The Supreme Court in its wedding-cake ruling declared gays once again second-class citizens, at least when their sexuality has to compete with someone else’s more stone-throwing version of Christianity.
On Feb. 14, Clerk of Court Tom Bexley will lead a mass marriage ceremony for all willing couples of all denominations and orientations.
Invoking Christian belief to deny service to a gay couple is not a First Amendment right, nor is it a matter of artistic expression. It’s good old discrimination under a new mask.
Kim Davis is not the problem. She’s a symptom of a dangerous movement that seeks to carve out religious objections all over the law books, making civil government a vassal of religious edicts.
The proposal is aimed at safeguarding clergy members from being forced to perform gay-marriage ceremonies even though they’re categorically protected from doing so by the First Amendment.
As a conservative who has always supported gay marriage, it’s difficult for Nancy Smith to understand why so many people of her generation — the ones who grew up witnessing some of the worst discrimination of the 20th century — could consistently rage against it.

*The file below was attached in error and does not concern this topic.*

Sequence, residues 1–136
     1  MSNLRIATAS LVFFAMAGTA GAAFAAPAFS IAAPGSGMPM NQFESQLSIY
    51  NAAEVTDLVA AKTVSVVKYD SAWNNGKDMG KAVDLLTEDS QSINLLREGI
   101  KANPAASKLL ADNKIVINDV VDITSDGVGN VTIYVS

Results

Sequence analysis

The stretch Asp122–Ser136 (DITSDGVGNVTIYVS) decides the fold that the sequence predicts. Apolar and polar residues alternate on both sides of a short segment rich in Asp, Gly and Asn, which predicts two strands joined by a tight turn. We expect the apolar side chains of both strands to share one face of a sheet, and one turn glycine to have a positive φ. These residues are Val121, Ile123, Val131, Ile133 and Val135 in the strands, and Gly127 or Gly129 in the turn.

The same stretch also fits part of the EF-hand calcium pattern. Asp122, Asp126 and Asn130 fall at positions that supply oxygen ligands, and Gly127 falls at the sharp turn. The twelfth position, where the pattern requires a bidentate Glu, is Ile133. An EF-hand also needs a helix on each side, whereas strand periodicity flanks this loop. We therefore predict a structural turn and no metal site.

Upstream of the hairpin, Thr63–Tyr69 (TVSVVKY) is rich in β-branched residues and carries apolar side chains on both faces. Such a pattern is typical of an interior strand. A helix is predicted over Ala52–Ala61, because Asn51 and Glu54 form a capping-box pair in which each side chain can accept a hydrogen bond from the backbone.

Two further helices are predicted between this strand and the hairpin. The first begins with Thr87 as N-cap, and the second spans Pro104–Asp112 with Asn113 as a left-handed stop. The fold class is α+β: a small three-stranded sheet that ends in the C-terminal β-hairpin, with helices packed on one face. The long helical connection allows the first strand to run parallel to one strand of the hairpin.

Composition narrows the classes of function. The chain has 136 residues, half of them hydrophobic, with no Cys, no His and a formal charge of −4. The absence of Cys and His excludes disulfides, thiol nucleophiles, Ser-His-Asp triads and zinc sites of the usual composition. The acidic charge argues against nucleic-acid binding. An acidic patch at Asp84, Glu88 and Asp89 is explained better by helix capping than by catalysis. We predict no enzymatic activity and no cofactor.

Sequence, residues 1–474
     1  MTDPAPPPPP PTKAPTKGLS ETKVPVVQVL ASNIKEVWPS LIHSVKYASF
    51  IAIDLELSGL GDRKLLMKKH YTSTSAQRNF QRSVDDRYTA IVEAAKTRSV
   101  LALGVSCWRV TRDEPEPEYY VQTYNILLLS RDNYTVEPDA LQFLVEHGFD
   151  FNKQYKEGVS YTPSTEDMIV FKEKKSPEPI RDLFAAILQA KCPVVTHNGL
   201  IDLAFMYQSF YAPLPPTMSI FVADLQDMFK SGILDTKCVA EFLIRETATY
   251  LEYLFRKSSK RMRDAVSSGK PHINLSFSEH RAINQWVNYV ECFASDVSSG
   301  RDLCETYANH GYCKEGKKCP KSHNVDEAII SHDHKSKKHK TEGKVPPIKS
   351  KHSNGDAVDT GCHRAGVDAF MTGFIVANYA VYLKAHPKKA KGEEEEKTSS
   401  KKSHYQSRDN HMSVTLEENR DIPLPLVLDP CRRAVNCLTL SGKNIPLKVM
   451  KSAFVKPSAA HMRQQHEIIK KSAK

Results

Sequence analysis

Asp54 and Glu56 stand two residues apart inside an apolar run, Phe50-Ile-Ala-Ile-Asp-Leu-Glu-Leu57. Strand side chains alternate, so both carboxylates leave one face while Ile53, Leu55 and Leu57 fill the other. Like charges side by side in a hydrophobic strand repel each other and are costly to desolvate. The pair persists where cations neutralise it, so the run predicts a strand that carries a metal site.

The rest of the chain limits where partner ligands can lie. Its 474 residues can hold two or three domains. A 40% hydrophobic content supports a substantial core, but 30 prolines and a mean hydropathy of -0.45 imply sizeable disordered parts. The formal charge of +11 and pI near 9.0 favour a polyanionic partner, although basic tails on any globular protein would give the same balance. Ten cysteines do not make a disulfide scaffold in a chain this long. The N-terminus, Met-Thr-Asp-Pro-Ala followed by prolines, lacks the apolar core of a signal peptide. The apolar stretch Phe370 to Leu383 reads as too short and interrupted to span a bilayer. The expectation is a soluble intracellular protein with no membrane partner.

The United States Supreme Court this morning declared gay marriage legal across the United States in a 5-4 decision authored by conservative Justice Anthony Kennedy.
It was a quiet but significantly historic day at the Flagler County Courthouse as Florida’s ban on marriage equality ended across the state Tuesday and couples celebrated the issuance of same-sex marriage licenses ahead of marriage ceremonies after the three-day waiting period.
With same-sex marriages ready to start Tuesday across the state, a circuit judge allowed gay couples to go ahead and begin getting married Monday in Miami-Dade County.
The reversal from the association’s lawyers should remove the last roadblock to gay marriage starting in Florida, though some clerks say they’ll refuse to perform ceremonies.